In a recent article in Science, Henriksson and his colleagues from various countries assessed the Chinese demand for fish meal. Figures are hard to obtain, but the Chinese demand appears to be huge. The best estimation Henriksson and his colleagues can make is that aquafarming in China requires 1.4 million tonnes of fish meal annually – the equivalent of 6.7 tonnes of fish. A quarter of fish caught in the wild is used in fish meal factories.
This leaves plenty of room for improvement, not only by choosing fish that also eat plants, but also by processing the fish we eat more efficiently. “It’s too expensive to fillet fish in the West. Cod caught in the Atlantic is frozen on board and usually sent to China for filleting while the heads and other parts stay here. Only one third of a tilapia is fillet, the rest of the fish could ground to fish meal, which happens in some places, but not always very efficiently and not it’s not done everywhere yet. The whole industry should be encouraged to do it.”
The research says that any worries about weird diseases arising from cannibalism could be avoided by feeding shrimp meal to fish and fish meal to shrimps, while technical solutions have been found for the gradual accumulation of heavy metals and other toxins.
Though a vegetarian himself, Henriksson claims that nobody should feel guilty about eating farmed fish or shrimps. “It’s a good way of producing animal protein. Because they are cold-blooded, they need far less energy than mammals and their environmental impact is much lower. The fish are farmed in water so there is less competition for land use. And eating fish is quite healthy, which is another advantage. You often hear that aquafarming must be quite dirty because it’s in China, but those prejudices are not always founded. The process could be made a lot more sustainable, but in the meantime, the Chinese are feeding millions of people.”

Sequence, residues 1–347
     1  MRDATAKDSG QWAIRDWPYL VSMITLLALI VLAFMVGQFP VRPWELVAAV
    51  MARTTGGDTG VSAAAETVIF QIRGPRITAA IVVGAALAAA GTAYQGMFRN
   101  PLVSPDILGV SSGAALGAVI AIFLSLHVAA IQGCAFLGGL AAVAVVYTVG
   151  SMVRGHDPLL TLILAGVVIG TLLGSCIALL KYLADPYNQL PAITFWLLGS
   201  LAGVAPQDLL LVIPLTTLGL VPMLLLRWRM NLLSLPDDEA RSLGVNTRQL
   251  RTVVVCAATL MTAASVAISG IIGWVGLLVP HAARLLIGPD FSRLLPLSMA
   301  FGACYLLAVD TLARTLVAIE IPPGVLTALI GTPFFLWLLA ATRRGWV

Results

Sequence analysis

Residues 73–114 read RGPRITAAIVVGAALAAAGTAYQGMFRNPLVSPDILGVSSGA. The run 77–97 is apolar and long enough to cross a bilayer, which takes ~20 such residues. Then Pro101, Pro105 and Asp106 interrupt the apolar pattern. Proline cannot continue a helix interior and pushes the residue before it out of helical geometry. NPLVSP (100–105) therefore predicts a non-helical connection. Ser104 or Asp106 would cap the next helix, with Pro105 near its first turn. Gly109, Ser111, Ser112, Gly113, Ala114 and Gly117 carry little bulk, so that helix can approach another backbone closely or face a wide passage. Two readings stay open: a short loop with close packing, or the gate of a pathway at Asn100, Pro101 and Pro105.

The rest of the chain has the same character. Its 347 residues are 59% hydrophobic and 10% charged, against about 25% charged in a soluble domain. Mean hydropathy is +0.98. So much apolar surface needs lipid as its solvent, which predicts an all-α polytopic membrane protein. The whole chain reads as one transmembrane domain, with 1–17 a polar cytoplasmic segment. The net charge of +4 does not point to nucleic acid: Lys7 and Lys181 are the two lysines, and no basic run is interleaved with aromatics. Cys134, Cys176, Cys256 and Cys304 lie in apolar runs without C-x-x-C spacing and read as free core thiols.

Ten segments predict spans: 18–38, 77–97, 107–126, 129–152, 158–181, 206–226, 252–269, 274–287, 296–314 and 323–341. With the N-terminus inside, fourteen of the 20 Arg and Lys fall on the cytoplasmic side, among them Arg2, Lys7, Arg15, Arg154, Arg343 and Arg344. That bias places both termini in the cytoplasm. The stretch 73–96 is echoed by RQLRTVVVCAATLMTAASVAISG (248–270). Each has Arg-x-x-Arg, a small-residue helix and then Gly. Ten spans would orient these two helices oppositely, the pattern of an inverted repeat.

Top three

The Asian aquaculture industry uses more than over a hundred kinds of freshwater fish, sixty saltwater species and an unknown quantity of molluscs and shellfish, although we eat little of them in the Netherlands, as we prefer:

Pangas
Not so very long ago, you could buy “cat fish” in Dutch supermarkets, but you don’t see that name any more. You can still get cat fish but now it’s called “pangasius” or “pangas”, which could designate any one of a number of related species.
However, Pangasius bocourti and Pangasiodon hypophthalmus are the most popular. An adult of the latter species can grow to be 130 centimetres in length and weigh as much as 44 kilograms. Most pangas comes from fish farms in South (East) Asia, where production increased twelvefold between 2008 and 2012.

Tilapia
A tasteless but firm-fleshed fish, which makes it very suitable for selling – covered in far too salty marinade – to people who don’t like cooking or fish.While there are dozens of tilapia species, the production of Oreochromis niloticus amounts t 3. 2 million tonnes, according to the Food and Agriculture Organisation (FAO). Its surname niloticus does indeed mean that the species originally hails from the Nile, but they are farmed practically everywhere nowadays. They do not require much in the way of water quality but it should be warm, 20 degrees in fact, which is why tilapia are farmed in power plants’ waste water in colder climes.

Penaeidae
A generic name for approximately twenty species of shrimp, of which the most well known (Penaeus monodon) are sold here as tiger prawns. 4 million tonnes of tiger prawns and a related species, P. vannamei (a.k.a.: whiteleg shrimp), are produced globally.
Compared to fish, shrimps and prawns need relatively large amounts of fish meal or fish oil in their diet, about a quarter of their total consumption.